One in six families are facing debt and distress after arranging a funeral. Vital government help with basic funeral costs was capped at £700 in 2003, far less than the cost of the most basic funeral.
Now campaigners, charities and funeral industry are calling on the Chancellor Philip Hammond to #BurytheDebt and raise the funeral fund so it covers the cost of a basic funeral and grieving families are not forced into poverty and debt.
The #BurytheDebt campaign was launched on Tuesday 17th October with a funeral debt procession in Parliament Square. Campaigners are asking people sign their petition to help put pressure on the Chancellor to act.
Shrinking state support
The funeral fund was designed to cover the cost of a basic funeral for grieving families who would otherwise be unable to afford one. Spending on the fund has only increased by 4.5% since 1988 – with 2017 expenditure the lowest for 10 years, and the average funeral fund award only covers 40% of a basic funeral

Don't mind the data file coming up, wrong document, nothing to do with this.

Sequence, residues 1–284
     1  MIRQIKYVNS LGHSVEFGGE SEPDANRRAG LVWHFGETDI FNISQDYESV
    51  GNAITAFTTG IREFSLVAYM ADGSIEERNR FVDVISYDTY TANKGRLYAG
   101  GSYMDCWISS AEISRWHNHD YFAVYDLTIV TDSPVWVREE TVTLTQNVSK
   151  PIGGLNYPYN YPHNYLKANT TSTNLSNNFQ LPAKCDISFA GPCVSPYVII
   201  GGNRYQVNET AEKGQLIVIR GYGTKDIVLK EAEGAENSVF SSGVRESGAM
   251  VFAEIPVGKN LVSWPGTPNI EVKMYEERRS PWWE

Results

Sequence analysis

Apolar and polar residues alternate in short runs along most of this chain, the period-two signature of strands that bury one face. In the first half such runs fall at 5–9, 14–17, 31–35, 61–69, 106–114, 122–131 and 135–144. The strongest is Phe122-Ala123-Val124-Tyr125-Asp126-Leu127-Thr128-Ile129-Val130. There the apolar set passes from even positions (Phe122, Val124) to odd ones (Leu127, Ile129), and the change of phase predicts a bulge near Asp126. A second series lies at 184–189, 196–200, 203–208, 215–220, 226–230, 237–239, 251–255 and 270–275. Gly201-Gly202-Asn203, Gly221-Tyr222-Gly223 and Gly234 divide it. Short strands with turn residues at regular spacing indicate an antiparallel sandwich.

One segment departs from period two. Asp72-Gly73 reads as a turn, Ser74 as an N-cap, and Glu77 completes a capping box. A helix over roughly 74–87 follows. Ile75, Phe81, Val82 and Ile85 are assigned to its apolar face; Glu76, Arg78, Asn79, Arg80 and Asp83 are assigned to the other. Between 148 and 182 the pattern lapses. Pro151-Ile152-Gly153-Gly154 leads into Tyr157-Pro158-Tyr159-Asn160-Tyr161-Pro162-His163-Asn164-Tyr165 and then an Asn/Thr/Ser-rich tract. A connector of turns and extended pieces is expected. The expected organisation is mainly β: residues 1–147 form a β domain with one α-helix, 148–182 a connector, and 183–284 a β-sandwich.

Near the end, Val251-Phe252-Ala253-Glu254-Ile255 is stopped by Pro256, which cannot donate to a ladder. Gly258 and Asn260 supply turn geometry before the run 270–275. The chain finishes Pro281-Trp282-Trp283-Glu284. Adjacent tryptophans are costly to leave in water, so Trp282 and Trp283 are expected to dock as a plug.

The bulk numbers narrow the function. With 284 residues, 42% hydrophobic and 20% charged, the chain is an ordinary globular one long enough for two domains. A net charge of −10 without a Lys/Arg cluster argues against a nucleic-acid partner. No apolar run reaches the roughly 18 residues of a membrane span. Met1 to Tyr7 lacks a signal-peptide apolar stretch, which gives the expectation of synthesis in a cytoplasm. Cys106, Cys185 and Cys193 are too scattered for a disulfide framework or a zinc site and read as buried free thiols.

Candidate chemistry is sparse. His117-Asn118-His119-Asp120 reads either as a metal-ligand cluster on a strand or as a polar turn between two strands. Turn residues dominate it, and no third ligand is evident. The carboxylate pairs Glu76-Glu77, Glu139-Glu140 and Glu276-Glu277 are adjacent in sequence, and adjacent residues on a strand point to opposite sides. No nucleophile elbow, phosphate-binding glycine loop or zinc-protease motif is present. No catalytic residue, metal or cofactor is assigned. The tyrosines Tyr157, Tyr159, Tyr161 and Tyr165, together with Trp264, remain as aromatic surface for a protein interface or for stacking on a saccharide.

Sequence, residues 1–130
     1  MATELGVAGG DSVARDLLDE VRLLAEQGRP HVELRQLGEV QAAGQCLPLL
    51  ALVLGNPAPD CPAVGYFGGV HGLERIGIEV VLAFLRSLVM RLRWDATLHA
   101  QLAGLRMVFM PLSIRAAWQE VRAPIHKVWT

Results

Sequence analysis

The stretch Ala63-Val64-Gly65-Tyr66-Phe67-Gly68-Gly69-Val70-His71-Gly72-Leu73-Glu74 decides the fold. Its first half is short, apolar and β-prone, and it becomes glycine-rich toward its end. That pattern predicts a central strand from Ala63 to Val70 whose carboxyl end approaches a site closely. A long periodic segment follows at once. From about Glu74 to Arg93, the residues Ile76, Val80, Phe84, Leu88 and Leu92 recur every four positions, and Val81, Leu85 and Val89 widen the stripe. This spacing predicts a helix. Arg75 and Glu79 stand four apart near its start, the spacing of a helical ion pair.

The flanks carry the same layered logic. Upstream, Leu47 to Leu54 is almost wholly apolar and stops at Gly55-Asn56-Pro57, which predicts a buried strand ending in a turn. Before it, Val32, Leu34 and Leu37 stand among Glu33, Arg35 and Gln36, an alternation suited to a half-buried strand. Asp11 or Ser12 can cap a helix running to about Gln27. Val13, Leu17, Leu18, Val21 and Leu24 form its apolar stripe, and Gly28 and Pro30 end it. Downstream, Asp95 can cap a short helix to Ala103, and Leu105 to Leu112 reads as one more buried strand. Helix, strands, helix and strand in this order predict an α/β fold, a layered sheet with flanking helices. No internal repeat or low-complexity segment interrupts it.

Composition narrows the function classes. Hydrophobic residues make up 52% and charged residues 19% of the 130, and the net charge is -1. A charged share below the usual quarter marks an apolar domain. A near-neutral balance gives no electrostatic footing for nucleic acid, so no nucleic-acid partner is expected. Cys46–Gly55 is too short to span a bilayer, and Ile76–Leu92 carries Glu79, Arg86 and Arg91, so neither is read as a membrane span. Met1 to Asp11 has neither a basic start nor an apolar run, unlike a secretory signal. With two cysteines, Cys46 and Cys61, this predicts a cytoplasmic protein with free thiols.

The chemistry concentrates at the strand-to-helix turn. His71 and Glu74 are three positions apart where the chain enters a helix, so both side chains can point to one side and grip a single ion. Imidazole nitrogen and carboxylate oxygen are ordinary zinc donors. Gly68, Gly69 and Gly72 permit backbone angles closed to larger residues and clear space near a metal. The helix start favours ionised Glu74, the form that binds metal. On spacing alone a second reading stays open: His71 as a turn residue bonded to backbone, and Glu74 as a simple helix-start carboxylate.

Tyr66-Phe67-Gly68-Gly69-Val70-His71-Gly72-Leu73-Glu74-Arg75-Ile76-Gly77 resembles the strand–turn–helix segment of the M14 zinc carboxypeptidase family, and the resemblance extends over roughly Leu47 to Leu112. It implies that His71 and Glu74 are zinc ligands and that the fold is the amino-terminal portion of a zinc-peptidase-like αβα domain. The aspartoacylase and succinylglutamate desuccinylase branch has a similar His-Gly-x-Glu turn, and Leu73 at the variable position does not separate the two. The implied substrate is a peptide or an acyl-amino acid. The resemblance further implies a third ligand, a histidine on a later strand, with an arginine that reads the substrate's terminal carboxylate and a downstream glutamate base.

In this short video, Fair Funerals spokesperson Kristina tells her story of struggling with her mum’s deal at the same time as crippling funeral debts.
“With all the debt I couldn’t afford and the emotions from losing mum, I just couldn’t grieve in peace.”
Watch the 2 minute campaign video here
Chancellor challenged to act
Campaigners are asking the Chancellor to raise the amount of money available for funeral expenses in line with funeral cost inflation, which would bring it to £1,377. They are asking that this figure be up-rated annually in line with the retail price index.
Heather Kennedy, Fair Funerals campaigns manager says:
“In the fifth richest country in the world, it’s simply not good enough that grieving families are being forced into poverty and debt trying to arrange a simple funeral after someone they love dies. Our government needs to take action to address this growing public concern and guarantee everyone in dignity in death. By increasing the funeral fund, many grieving families would be spared the emotional and financial burden of not being unable to afford a respectful funeral.”